Deadly omnisexual spores spreading disease in Washington, Oregon and thereabouts, killing one out of every four people who get the stuff. It’s airborne, and lays into healthy people. More:

If C. gattii keeps having sex and spreading, its next victims will mostly likely be in Northern California, where the weather is very similar to Oregon. It’s unlikely to expand eastward, due to the freezing winters.

Whew. We’re safe in PA, but what about the poor Sasquatches?
OK, I shouldn’t kid. This stuff sounds horrible. What’s particularly troubling is that the fungus appears to have very recently mutated. If you go to the Oregon state government health page on C. gattii, it says that the mortality rate for the stuff is only five percent. The just-released study, though, finds the mortality rate has shot up to 25 percent. Excerpt:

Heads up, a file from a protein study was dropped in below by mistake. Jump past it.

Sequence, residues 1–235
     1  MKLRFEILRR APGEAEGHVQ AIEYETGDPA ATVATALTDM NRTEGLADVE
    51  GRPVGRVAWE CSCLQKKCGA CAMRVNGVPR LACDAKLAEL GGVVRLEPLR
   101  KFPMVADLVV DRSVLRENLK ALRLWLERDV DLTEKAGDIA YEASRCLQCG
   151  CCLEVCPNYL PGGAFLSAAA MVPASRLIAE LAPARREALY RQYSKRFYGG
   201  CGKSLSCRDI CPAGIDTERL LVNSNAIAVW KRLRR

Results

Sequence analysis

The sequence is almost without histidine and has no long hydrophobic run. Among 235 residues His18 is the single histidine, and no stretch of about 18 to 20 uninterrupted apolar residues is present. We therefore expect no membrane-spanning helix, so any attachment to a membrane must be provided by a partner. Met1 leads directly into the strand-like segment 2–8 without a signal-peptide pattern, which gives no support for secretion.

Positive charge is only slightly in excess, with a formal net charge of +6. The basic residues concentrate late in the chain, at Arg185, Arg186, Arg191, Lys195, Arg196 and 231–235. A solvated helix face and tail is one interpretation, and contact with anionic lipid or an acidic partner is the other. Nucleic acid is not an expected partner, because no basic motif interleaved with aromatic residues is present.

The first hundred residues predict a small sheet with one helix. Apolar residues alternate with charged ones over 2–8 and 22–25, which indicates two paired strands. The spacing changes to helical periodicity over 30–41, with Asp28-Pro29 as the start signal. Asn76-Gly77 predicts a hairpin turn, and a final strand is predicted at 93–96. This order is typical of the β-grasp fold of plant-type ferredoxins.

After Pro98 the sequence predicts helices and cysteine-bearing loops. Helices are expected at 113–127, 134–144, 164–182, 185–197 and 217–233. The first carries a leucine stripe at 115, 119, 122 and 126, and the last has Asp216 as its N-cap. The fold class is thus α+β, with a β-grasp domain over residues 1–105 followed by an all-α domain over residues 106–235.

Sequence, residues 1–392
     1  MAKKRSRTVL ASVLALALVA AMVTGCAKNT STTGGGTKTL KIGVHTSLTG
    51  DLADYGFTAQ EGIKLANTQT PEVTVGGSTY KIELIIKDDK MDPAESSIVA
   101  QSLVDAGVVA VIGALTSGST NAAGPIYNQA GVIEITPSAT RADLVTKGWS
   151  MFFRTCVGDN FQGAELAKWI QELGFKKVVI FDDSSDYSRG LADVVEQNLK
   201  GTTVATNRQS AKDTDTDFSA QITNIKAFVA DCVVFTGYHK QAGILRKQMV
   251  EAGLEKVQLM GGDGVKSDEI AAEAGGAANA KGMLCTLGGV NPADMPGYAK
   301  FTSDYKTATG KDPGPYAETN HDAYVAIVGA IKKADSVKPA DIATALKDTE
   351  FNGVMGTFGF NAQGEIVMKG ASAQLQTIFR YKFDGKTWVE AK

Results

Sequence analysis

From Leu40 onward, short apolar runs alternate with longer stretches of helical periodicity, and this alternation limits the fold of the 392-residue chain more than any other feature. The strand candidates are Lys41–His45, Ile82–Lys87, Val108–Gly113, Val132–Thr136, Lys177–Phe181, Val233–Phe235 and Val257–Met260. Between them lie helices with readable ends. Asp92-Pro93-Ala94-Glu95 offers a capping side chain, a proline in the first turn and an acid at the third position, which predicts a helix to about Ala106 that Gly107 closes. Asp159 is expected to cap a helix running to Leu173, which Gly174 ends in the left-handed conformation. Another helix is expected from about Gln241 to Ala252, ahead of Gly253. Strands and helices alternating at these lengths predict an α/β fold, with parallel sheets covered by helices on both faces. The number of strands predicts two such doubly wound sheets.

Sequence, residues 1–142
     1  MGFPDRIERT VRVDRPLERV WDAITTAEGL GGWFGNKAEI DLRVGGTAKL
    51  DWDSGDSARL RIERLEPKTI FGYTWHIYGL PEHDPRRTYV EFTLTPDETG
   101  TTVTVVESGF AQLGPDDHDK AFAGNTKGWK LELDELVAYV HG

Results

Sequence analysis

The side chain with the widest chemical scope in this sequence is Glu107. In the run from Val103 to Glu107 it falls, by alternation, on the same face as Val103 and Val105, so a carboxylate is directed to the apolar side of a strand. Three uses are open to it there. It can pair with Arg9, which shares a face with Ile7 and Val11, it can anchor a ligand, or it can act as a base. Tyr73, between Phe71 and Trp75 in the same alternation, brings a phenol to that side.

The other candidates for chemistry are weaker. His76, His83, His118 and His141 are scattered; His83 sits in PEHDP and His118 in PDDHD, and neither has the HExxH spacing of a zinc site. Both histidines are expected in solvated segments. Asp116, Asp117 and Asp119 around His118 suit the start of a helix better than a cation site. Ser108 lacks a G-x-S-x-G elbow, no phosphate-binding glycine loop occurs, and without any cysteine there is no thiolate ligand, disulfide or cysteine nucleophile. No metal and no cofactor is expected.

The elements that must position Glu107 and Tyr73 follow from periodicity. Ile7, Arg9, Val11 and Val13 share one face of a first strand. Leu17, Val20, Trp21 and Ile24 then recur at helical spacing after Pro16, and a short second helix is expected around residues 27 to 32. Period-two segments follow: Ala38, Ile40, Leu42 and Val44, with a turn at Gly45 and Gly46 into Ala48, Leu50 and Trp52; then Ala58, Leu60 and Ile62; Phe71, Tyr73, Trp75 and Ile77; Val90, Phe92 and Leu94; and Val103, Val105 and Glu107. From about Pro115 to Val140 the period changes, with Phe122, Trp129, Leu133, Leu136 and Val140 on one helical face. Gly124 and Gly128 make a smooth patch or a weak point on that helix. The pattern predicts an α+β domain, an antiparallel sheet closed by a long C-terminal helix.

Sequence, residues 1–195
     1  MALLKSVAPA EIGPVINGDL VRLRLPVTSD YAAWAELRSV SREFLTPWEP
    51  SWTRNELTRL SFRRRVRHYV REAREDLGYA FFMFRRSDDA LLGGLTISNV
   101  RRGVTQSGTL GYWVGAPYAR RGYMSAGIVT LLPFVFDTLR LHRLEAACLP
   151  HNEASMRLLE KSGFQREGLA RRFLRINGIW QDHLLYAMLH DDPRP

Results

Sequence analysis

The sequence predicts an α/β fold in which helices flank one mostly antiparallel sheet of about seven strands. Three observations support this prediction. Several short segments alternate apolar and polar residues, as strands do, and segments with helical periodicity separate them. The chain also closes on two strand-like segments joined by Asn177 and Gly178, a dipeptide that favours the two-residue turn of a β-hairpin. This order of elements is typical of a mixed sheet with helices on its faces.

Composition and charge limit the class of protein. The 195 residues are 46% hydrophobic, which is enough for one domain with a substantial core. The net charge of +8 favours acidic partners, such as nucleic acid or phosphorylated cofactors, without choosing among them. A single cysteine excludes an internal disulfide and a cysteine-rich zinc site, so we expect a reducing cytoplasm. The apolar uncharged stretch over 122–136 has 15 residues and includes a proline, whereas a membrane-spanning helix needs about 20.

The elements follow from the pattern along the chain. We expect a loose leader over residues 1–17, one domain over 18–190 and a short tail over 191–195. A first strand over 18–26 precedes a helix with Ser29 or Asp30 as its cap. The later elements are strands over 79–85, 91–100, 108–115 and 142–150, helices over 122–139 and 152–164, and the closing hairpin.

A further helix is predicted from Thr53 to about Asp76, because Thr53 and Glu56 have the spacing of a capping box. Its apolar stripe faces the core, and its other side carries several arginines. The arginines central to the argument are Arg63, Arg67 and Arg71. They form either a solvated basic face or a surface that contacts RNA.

The mutation “is causing major illness in the region, and it’s different from what’s causing disease on Vancouver Island,” says Christina Hull, PhD, an assistant professor of medical microbiology and immunology at the University of Wisconsin School of Medicine and Public Health, in Madison.
“It supports the idea that this is a recent change in the organism,” she adds. “That’s a little more unnerving than what people had thought before.”

Scientists don’t know what risk factors there are for the disease. The good news, though, is that it’s unlikely to travel outside the region, and even then its virulence will likely decline over time.

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